Editing Services, Proofreading, and
Critiques - Author Charlotte Hughes Explains the Differences in Terms
Critiques of manuscripts rarely involve much editing, and indeed any editing done as
part of a critique is a bonus provided on top of the critical analysis. The author may well
edit several lines or some dialogue to illustrate where some changes would be helpful, but critiques
look at more of a macro level: at how the work as a whole hangs together, and how the constituent parts of
the manuscript succeed or fail in their efforts. Most of the comments look at factors like point of
view, over writing, character development, conflict, foreshadowing, plotting, tone and pace.
As a published author with several New York Times best selling novels, in
several genres, Charlotte Hughes has an eye for what works. Her experience judging competitions and her
knowledge of the publishing industry make her uniquely situated to provide feedback.
Proofreading and Editing
Proofreading is a term that is often confused with copy editing, but is
actually quite different. While copy editing (also known sometimes as line editing) looks at a manuscript in
greater depth, proofreading traditionally looks instead at galleys or page proofs, checking them against the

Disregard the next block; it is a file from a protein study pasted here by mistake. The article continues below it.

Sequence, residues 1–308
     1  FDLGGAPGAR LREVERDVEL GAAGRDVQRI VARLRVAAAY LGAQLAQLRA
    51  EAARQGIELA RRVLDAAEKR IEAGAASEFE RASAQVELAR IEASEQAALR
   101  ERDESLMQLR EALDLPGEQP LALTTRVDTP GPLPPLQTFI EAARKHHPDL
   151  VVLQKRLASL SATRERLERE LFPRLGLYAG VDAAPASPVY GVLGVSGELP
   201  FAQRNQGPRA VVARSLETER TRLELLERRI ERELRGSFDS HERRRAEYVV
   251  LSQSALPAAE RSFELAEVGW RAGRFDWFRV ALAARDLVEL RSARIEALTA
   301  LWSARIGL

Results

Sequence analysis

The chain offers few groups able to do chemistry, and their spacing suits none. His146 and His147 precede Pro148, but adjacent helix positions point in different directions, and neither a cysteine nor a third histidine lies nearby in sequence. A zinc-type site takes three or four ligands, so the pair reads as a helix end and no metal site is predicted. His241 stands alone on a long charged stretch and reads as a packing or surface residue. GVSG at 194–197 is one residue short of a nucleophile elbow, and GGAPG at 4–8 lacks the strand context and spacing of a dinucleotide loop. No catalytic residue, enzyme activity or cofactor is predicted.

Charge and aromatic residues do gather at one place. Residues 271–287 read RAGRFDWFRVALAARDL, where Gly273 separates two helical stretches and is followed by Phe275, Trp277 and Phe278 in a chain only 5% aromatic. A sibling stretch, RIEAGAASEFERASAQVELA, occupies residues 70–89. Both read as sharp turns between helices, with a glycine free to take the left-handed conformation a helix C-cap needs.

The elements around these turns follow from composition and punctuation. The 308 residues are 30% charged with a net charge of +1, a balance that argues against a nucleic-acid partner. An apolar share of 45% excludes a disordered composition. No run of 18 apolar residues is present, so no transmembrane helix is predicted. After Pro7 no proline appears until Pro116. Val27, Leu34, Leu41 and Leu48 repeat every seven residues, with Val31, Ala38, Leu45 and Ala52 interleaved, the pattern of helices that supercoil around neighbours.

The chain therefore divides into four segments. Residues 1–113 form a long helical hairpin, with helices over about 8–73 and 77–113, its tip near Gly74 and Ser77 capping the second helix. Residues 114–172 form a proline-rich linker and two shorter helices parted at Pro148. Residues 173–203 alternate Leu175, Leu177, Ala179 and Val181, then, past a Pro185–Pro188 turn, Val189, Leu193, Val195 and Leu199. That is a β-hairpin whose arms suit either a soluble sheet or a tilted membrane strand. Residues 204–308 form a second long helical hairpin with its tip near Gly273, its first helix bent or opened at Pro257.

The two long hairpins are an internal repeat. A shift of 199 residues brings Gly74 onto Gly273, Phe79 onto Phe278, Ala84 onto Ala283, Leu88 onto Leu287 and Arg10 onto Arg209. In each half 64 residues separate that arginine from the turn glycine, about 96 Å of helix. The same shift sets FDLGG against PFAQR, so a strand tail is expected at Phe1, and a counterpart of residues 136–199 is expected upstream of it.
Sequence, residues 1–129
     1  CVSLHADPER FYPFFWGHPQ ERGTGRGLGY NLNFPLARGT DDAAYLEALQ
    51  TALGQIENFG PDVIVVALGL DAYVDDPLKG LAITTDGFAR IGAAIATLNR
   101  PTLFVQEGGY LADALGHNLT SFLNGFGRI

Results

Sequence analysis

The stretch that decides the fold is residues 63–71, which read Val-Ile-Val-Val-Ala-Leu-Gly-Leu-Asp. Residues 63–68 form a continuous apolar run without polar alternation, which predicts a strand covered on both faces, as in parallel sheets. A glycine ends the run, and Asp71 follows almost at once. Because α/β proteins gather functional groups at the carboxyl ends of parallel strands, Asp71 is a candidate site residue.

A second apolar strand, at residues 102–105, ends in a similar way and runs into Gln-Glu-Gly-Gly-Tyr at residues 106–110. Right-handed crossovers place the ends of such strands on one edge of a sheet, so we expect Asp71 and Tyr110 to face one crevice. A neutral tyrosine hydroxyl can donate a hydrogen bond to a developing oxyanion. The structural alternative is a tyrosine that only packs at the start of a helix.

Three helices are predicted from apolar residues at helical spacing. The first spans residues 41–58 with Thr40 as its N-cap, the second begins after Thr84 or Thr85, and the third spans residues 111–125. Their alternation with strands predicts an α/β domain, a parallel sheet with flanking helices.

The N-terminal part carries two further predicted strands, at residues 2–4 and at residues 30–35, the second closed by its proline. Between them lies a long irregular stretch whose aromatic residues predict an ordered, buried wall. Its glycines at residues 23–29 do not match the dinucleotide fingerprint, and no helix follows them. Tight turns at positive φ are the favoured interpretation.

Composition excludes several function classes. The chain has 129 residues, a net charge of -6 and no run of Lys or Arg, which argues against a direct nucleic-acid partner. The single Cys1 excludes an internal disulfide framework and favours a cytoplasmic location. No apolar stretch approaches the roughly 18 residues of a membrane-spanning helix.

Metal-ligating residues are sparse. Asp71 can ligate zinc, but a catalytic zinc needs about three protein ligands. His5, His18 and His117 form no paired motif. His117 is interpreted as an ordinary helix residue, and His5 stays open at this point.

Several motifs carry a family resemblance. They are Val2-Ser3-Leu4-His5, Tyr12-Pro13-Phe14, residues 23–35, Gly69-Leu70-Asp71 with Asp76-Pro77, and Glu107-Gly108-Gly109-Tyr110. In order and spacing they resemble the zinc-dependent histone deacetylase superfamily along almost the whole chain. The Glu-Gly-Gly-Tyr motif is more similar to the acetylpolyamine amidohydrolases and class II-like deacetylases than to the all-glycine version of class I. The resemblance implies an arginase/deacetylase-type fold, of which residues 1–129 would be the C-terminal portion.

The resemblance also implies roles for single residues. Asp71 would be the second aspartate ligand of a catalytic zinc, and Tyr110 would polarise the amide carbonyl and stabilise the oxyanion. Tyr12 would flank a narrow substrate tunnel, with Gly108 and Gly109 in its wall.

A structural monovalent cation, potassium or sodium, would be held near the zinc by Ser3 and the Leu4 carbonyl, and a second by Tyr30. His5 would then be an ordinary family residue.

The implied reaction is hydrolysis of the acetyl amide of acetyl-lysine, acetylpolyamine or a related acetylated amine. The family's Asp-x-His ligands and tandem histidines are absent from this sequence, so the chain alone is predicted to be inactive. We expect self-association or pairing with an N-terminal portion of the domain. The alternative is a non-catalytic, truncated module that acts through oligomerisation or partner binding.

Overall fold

manuscript and picking up mistakes that got through the previous edit.
Proofreading also look for spelling errors, typos and other obvious errors like punctuation.
Proofreading is done just prior to a manuscript being sent off, after the copy editor has done the deeper
editing, and well after the writer is satisfied with the content. The proofreader mostly acts as a second
set of eyes.
Copy editors have a tougher job, and are usually well versed in the various style manuals. They
often have degrees in English or considerable experience, and copy editors are paid better. In addition to the
things that a proofreader looks at, a copy editor is watching for factual errors, consistency and formatting.
Indeed, the copy editor is typically the one who develops the style sheet and addresses design issues just prior to
the printing and preparation of the galley.
Copy editing, or line editing, in addition to proofreading, looks at consistency of
style. If it's "South Carolina" in Chapter one, it should not be "SC" in Chapter three. Did you call the
aunt "Maggie" in Chapter two, but then "Millie" in Chapter six? Should that important meeting be on a
Friday in New York, but the protagonist is still in LA Friday morning? Your copy editor (hopefully) catches these
kinds of errors. Copy editors usually query the author about changes they make.
A full and formal edit can involve much more depth, and this type of heavy editing takes more time
and skill, and also typically costs more dearly. While not delving much into areas best left to critiques,
nevertheless the editor will improve the quality and flow of the work, and remove the redundancies and the
overwriting. This type of editor might boldly make some changes in the context could impact the overall
meaning, if it enhances the manuscript. Sentences and even whole paragraphs can be deleted, and legal
considerations, good taste, and confusion are all considered. Tone, structure, and character are often addressed.
While this type of editor is not expected to attend to the details a copy editor does, the good
editors usually note these problems when they see them as well.